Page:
"It's just rewarding when you win and I 
just love the sport," Brenda Bennett, varsity 
tennis player, said. & 



Paige Howard 



Toe hold-Dee Weinreis stretches 
out at basketball practice. 




Killer shot- Jean Stevenson raises 
her racket to hit a ball during 
drills at tennis practice. 



182 practice 






Trackin'-Janelle LeV alley, 
number one runner for the 
women's cross country team, runs 
her miles during practice. 



Rob Clark 



practice 183 



There's someplace like home 



anging from a compact, muscular mo- 
•del to a long, lean edition with extra 
height, Manhattan families can have the op- 
tion of adopting a K-State student. Athletic 
skills include the ability to play football, bas- 
ketball and tennis. 

K-State's foster parent program may 
sound unusual. But for the students in- 
volved, having a foster family home is a 
comfort when home is two or three states 
away or when trips home are once or twice a 
year, according to basketball player Les 
Craft, sophomore in computer manage- 
ment. 

"Because it's someplace to go like home, 
it makes being away a lot easier," said John 
Marx, sophomore in accounting and mem- 
ber of K-State's basketball team. 

Those athletes included in the program 
are football players, men and women basket- 
ball players, and men's tennis team mem- 
bers. Dedicated to their work, some of these 
athletes spend 11 months of the year at 
school (including Thanksgiving and Christ- 
mas vacations). They attend classes, then 
practice three to four hours — seven days a 
week — the sport for which they were re- 
cruited. 

Vince Gibson, who came to K-State to 
coach football in 1967, started the foster 
parent program for the football players. 



"Because it's someplace like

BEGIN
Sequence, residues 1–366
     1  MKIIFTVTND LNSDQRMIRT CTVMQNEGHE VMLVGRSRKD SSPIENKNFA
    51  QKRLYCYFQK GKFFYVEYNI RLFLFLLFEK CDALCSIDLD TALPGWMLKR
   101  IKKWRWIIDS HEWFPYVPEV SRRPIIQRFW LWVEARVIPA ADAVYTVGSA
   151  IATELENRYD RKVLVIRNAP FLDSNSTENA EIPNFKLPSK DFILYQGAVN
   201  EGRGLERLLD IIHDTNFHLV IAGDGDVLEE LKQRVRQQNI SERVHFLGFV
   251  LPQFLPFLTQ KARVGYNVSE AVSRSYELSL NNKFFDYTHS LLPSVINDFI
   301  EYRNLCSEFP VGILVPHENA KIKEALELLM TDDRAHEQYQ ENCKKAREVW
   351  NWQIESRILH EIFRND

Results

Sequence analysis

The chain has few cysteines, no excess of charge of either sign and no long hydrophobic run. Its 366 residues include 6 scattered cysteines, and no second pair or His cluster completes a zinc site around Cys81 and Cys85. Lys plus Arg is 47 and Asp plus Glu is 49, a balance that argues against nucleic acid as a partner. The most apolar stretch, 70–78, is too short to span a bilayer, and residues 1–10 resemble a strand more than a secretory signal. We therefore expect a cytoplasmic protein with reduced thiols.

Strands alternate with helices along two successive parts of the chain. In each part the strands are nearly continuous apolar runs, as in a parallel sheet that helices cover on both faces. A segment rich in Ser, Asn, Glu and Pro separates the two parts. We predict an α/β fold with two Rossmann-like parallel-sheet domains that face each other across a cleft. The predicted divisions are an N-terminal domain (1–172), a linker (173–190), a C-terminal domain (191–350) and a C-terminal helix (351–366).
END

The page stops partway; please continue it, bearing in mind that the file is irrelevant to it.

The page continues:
home, it makes being away a lot 
easier." 



"He (Gibson) was a firm believer that 
when you come a long way from home you 
need a little more support," said Warren 
Pray, a foster parent for the football pro- 
gram. 

"It started by trying to room athletes from 
out of state with kids from in state, so that 
the out of state kids could go home with 
their roommates during the holidays. But 
then the foster parent deal was set up so 
they could have a homelife away from 
home, and the family gives them someone to 
support them academically as well as athleti- 
cally," Pray said. 

When they came up for the games, his 
wife would give home-baked cookies to the 
guys. 

Liking the involvement, the Prays had five 
foster sons one year. "It was a very fun 
time," said Pray. Some of their sons in the 
past years include slotback Kerwin Cox, 
quarterback Joe Hatcher, and linebacker 
Ray Sprinkle, and currently, Jeff Koyl, 



freshman in general and junior varsity offen- 
sive tackle from Carlsbad, California. 

According to Pray, all the football players 
except the walk-ons and those who live with- 
in 20-30 miles of the school have foster 
parents. There are about 80 foster families 
involved in the football program here. 

The athletes don't actually live at the fos-